Not every TV show is like “Grey’s Anatomy” (15 seasons and counting). Some of our favorite shows are lucky to get a sophomore year — and many of them end long before that.
In most cases, TV shows are canceled because ratings aren’t high enough to justify the cost to the network of keeping them on air. But that doesn’t make it any easier to say goodbye to a show that’s been the highlight of your TV viewing, week after week.
Here are some canceled TV shows that deserve another chance. Get ready for a nostalgia trip.
‘Better Off Ted’ (2009-2010)
ABC’s satirical sitcom “Better Off Ted,” which starred Jay Harrington, Portia de Rossi and Andrea Anders, received critical acclaim, but the viewing figures didn’t match up.
The show’s creator told Vulture, “I still feel there’s an audience out there for it, because I know that the people who liked it, liked it a lot.”
One devastated fan, who describes it as “the greatest TV show that has ever aired,” even started a petition to bring it back.
In 2015, NBC canceled “Hannibal” — based on Thomas Harris’ novels “Red Dragon,” “Hannibal” and “Hannibal Rising” — after three seasons due to low ratings. Nonetheless, it remains a firm favorite of fans of horror TV, who may be thrilled to learn that not all hope is lost. Lead actor Mads Mikkelsen told Bloody Disgusting in early 2019 that the show’s creator, Bryan Fuller, was in talks to bring it back.
Fans of the feature film reboot “Limitless” only enjoyed one season before it was canceled, with CBS chief Glenn Geller claiming it “didn’t connect” with audiences. However, there was such a buzz around the comedy-drama series that the network offered it to Amazon and Netflix in the hope it would get picked up for a second season. Alas, they both passed, and the fate of “Limitless” was sealed.
‘Pushing Daisies’ (2007-2009)
Bryan Fuller’s comedy-drama series “Pushing Daisies,” starring Anna Friel and Lee Pace, was a hit with critics and won a slew of awards, including seven Primetime Emmy Awards. But after its initial success, it was canceled after two seasons due to falling ratings. Since 2010, rumors of a comic book series, a graphic novel and a spin-off movie have circulated, but the show has yet to be revived.
The cancellation of Joss Whedon’s “Firefly” — after only 14 episodes — way back in 2002 is still a sore spot for sci-fi fans. The show was supposed to run for years, but it never really had a fighting chance due to poor promotion, episodes being aired out of sequence and being given the Friday night “death slot.” In spite of all this, “Firefly” had huge potential due to a strong cast (including Nathan Fillion and Morena Baccarin) and a unique premise (a Western sci-fi).
‘Santa Clarita Diet’ (2017-2019)
After three seasons, Netflix canceled its original series “Santa Clarita Diet,” which stars Drew Barrymore as realtor-turned-zombie Sheila Hammond. Millions of fans demanded to know why, because it wasn’t due to quality — Rotten Tomatoes gave the third season a ranking of 100 percent. It may simply be an example of Netflix’s tendency to run shows for only two or three seasons. Timothy Olyphant, who executive-produced and starred in the show (he played Sheila’s husband Joel), remained defiant, saying in a statement posted on the show’s official Instagram page: “I loved working on this show. I’m going to continue coming in and doing scenes. If they don’t want to film it, that’s up to them.”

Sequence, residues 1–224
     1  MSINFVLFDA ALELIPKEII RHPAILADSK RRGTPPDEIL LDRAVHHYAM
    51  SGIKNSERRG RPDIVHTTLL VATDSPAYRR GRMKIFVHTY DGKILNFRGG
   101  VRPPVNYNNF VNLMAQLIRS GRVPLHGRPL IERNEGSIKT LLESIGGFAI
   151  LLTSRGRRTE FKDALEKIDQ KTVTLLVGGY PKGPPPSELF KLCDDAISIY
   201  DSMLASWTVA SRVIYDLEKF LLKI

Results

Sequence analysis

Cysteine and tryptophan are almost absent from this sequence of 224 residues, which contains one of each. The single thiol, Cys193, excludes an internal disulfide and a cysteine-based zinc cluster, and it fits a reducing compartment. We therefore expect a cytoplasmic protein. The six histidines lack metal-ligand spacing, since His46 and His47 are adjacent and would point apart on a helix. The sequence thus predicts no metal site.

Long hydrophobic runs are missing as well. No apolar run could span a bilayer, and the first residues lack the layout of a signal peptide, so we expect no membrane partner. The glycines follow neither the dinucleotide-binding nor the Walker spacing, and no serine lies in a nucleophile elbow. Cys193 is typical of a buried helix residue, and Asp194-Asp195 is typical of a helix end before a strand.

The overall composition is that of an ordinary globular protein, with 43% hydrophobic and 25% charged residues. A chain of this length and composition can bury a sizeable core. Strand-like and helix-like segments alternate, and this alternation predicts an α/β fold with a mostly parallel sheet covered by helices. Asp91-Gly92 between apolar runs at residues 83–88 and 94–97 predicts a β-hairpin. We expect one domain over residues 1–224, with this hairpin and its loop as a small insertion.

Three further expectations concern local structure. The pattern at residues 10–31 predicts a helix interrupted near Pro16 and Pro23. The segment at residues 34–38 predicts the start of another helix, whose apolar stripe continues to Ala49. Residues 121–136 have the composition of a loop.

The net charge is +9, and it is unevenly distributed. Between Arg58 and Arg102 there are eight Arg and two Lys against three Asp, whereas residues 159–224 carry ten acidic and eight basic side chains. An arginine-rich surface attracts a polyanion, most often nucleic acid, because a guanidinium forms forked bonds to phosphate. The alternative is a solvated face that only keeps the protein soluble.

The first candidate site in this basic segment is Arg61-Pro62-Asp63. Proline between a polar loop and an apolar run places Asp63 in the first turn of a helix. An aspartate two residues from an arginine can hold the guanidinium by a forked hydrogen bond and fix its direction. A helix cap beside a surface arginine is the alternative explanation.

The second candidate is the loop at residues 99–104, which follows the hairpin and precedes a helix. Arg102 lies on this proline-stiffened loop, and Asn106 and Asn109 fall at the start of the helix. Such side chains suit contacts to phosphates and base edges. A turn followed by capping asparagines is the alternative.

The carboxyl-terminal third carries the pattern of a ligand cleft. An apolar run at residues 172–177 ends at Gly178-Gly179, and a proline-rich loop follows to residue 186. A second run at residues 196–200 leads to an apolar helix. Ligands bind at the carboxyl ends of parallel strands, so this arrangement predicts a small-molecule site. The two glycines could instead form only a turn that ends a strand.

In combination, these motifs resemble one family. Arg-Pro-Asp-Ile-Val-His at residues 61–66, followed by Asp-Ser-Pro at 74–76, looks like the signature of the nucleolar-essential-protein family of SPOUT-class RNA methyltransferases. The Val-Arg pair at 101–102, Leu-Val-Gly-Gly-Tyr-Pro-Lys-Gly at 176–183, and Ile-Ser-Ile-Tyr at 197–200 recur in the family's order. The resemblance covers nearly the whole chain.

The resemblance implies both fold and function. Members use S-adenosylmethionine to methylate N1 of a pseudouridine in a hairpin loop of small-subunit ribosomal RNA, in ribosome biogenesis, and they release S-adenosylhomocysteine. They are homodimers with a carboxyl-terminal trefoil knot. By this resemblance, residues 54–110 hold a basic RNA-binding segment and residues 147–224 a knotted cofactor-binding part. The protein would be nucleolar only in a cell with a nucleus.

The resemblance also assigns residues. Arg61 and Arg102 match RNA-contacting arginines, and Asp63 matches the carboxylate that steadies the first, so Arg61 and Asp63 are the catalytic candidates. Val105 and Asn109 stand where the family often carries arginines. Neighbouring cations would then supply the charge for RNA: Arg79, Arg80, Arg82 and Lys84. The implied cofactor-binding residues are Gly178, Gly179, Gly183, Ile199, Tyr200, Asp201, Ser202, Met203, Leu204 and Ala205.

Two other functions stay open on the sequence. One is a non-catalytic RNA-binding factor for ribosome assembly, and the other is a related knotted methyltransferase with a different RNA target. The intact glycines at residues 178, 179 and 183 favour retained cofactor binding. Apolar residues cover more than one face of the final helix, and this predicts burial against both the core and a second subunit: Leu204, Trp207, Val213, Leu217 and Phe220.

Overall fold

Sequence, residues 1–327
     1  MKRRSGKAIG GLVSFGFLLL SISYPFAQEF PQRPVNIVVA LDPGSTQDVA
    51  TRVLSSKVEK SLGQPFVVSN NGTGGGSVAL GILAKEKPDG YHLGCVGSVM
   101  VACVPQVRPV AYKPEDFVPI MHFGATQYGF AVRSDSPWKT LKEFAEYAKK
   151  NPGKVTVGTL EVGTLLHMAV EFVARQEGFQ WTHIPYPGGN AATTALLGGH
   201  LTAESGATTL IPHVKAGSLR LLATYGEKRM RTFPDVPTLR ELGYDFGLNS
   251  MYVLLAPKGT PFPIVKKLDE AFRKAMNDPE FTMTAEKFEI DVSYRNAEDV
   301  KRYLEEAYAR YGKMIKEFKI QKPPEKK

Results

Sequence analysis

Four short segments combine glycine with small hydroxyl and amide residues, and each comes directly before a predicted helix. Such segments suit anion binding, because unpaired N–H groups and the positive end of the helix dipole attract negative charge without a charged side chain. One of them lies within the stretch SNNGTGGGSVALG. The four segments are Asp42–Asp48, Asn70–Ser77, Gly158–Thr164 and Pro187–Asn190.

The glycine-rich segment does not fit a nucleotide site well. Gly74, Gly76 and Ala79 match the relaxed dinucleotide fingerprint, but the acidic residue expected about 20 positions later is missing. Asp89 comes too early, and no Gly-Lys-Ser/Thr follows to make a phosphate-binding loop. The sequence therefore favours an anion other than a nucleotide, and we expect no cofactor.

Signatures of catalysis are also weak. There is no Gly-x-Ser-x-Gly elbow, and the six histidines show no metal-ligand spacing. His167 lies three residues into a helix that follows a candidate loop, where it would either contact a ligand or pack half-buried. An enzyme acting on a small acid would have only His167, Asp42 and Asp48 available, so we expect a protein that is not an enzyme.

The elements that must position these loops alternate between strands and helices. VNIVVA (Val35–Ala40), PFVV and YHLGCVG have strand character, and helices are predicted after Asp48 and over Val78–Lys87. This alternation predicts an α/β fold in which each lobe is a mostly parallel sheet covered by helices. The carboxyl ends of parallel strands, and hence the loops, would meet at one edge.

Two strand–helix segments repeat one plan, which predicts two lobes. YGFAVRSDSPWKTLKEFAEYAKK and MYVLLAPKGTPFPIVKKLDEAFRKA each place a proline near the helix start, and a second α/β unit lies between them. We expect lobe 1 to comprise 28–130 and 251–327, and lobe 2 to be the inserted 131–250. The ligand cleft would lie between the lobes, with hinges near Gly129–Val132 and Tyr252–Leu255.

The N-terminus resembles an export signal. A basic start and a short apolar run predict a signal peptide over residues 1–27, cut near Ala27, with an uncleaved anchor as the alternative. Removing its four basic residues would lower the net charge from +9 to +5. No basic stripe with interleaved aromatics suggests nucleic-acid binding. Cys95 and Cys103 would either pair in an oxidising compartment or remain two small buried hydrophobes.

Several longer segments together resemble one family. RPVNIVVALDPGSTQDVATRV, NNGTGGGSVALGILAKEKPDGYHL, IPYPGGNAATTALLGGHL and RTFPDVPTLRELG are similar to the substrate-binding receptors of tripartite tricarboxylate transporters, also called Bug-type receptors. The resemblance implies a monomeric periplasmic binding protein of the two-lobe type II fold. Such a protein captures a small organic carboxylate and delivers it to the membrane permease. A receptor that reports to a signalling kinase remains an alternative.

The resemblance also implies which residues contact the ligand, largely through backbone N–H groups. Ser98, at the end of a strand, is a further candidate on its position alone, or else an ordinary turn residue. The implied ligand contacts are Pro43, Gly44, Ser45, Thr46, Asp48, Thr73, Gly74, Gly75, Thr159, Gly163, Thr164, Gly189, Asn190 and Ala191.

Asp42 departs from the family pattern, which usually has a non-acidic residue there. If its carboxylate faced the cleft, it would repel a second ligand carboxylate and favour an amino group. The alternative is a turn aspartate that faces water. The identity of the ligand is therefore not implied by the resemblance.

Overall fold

‘Freaks and Geeks’ (1999-2000)
Another cult classic, “Freaks and Geeks” was canceled after only one season on NBC, much to the disappointment of a new generation of fans who discovered it on Netflix and despite glowing reviews from critics. Screen Rant said its Saturday night time slot and lack of consecutive weekly time slots meant it was “basically destined for failure.” It was only after a huge outcry from fans that NBC even aired the last few episodes.
‘The Finder’ (2012)
A spin-off of “Bones,” Fox show “The Finder” starred Geoff Stults as Walter Sherman, a man with the unique ability to find anything due to a traumatic brain injury. It impressed fans with its interesting characters but left them frustrated with its bizarre cliffhanger finale. This was definitely a show that could have been explored on a deeper level over at least three seasons.
‘The Grinder’ (2015-2016)
Fans of Fox’s legal comedy series “The Grinder” loved the chemistry between Fred Savage and Rob Lowe, but the show was canceled after only one season. However, Lowe gave devotees a reason to be hopeful in 2017 when he told The Huffington Post that the show could return in some capacity.
“Too many people liked it,” he said. “It was such a good show.”
When asked if he’d be up for starring in a remake, he replied, “In a minute.”
‘Emily Owens, M.D.’ (2012-2013)
The medical drama series “Emily Owens, M.D.,” with Mamie Gummer in the titular role, was canceled after only 13 episodes on The CW. Without even getting a full first season, fans understandably felt short-changed, wondering what the future held for Owens and her fellow Denver Memorial Hospital interns.
“There were so many undeveloped plotlines and characters that seemed so promising, but that were squandered before they got their chance to shine,” wrote Sydney Bucksbaum on Hollywood.com.
‘My So-Called Life’ (1994)
After only one 19-episode season, ABC canceled “My So-Called Life” due to low ratings. It had fierce competition in its Thursday 8 p.m. time slot with “Friends” and “Mad About You.” Not only that but Claire Danes, who won a Golden Globe for Best Actress – Television Series Drama for her role as angsty teenager Angela Chase, was reportedly reluctant to sign up for another season. According to Bess Armstrong, who played Angela’s mom Patty, the creators “didn’t know what to do with the show.”
“I felt like Cassandra in Troy running around saying ‘I know this is great! You’re going to regret this!’” she told Vanity Fair.
‘Kyle XY’ (2006-2009)
A slump in ratings during the third season spelled the end of the teen sci-fi series “Kyle XY” on ABC Family. Viewers left disappointed by its cancellation were dealt another blow: The final episode didn’t wrap up all the loose ends, leaving several unresolved plotlines. Some consolation came via Julie Plec, who revealed what had been planned for future seasons (Andy and Josh would have finally gotten married and lived happily ever after). But that wasn’t enough for the show’s loyal fan base, who launched several petitions to bring it back.